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NVL 134 — Novel Writing

Quarter: Fall
Day(s): Tuesdays
Course Format: On-campus course
Duration: 10 weeks
Date(s): Sep 26—Dec 5
Time: 6:30—9:20 pm
Drop Deadline: Oct 9
Units: 3
Tuition: $660
Instructor(s): Lynn Stegner
Limit: 21
Status: Closed
Please Note: No class on November 21
Fall
On-campus course
Tuesdays
6:30—9:20 pm
Date(s)
Sep 26—Dec 5
10 weeks
Drop By
Oct 9
3 Units
Fees
$660
Instructor(s):
Lynn Stegner
Limit
21
Closed
Please Note: No class on November 21
Novel writing is a process—an interim way of life—and should not be regarded as either easy or daunting. Taken in steps, the journey can and does happen, often with great vision and beauty. This course will address all stages of the novel-writing process, from choosing the most effective narrative point of view to managing and orchestrating the material. Although the course will discuss essential aspects of the novel, it will focus primarily on student work, including drafts of chapters, as well as anything that supports and predicts the overarching narrative such as research and outlines. Controlling narrative voice and pacing, handling scenes with dramatic force, developing character and motivation, composing dialogue that is not only real-sounding but productive, and keeping the plot from lugging down—these are some of the many issues that will likely come up during the course. We will also read from a collection of interviews with novelists such as William Faulkner, Ernest Hemingway, Eudora Welty, and Robert Stone to help expand our understanding of fiction writing both as a calling and as a practice. Each student will contribute one to two chapters for the course.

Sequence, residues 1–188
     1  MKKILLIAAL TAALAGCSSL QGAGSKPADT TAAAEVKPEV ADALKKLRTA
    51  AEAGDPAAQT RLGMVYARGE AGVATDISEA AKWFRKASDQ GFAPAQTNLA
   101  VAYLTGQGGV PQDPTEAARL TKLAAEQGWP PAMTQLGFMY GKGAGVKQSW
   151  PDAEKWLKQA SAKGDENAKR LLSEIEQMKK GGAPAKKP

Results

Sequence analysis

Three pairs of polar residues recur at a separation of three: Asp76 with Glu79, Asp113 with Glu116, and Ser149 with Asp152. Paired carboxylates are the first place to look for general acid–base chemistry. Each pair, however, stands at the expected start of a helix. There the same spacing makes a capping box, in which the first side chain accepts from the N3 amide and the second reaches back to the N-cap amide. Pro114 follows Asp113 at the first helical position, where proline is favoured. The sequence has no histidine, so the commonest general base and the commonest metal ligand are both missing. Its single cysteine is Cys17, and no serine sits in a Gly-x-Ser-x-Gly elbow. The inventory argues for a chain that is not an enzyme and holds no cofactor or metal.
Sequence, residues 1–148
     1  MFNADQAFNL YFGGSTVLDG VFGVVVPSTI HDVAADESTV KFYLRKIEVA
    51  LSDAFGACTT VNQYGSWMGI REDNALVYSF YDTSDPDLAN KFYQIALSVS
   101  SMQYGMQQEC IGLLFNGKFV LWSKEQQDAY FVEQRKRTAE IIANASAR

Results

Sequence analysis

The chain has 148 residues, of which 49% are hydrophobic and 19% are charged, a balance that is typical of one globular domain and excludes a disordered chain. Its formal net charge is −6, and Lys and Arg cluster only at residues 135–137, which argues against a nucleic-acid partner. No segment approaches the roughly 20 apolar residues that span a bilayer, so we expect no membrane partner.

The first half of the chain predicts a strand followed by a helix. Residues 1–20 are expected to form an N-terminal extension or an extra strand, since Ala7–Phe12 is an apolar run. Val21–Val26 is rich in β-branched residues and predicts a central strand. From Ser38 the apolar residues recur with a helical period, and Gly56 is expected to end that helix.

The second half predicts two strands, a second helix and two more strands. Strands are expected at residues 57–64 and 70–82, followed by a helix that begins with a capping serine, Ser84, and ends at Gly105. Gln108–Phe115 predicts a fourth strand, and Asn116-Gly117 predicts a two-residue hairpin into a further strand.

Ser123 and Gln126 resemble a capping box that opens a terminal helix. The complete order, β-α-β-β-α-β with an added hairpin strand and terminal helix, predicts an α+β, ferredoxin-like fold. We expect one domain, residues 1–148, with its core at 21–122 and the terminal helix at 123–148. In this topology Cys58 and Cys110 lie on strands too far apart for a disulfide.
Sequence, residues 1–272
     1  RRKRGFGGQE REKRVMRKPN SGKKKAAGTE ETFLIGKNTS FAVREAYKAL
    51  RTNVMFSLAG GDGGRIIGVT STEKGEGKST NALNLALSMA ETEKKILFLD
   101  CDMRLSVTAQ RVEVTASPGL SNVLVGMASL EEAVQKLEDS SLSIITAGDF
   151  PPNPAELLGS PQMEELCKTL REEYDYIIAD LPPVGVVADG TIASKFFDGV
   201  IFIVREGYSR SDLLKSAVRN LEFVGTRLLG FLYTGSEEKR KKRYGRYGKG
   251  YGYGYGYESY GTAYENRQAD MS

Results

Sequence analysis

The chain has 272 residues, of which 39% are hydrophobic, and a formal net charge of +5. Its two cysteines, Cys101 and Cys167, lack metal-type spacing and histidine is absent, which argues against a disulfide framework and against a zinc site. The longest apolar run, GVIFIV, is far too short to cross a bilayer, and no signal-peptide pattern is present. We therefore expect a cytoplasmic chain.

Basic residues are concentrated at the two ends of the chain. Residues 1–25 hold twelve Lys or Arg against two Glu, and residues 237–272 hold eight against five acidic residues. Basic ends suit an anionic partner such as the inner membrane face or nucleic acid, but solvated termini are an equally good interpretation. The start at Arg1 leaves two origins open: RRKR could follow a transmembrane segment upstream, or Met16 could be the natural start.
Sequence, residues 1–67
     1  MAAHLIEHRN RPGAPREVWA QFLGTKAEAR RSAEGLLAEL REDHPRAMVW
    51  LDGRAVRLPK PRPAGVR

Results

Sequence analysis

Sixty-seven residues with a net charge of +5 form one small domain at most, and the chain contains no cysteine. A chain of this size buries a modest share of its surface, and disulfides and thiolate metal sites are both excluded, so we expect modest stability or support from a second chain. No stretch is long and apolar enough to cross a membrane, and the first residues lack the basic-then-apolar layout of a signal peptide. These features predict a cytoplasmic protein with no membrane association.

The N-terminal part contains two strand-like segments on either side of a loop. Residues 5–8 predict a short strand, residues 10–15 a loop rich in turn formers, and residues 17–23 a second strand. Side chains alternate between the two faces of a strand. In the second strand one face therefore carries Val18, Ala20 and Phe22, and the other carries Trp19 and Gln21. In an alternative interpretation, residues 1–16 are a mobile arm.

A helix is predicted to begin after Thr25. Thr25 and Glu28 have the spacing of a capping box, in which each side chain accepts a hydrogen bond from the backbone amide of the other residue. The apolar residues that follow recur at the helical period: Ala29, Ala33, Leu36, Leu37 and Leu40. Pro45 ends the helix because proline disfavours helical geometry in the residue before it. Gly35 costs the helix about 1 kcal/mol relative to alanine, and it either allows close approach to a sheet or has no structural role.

Lynn Stegner, Author

Lynn Stegner has published four novels and a collection of stories. Undertow and Fata Morgana were both nominated for the National Book Award and the Pulitzer Prize, and Pipers at the Gates of Dawn was awarded a Faulkner Society Gold Medal. Her novel Because a Fire Was in My Head was a New York Times Editors’ Choice. She received a fellowship from the National Endowment for the Arts, as well as a Fulbright Scholarship to Ireland.

Textbooks for this course:

(Required) Intro by Philip Gourevitch, The Paris Review Interviews Vol. I (ISBN 978-0-312-36175-4 (v.1))
(Required) Intro by Orhan Pamuk/Edited by Philip Gourevitch, The Paris Review Interviews Vol. II (ISBN 978-0-312-36314-7 (v.2))
(Required) Introduction by Salman Rushdie/Edited by Philip Gourevitch, The Paris Review Interviews Vol. IV (ISBN 978-0-312-42744-3)
DOWNLOAD THE PRELIMINARY SYLLABUS » (subject to change)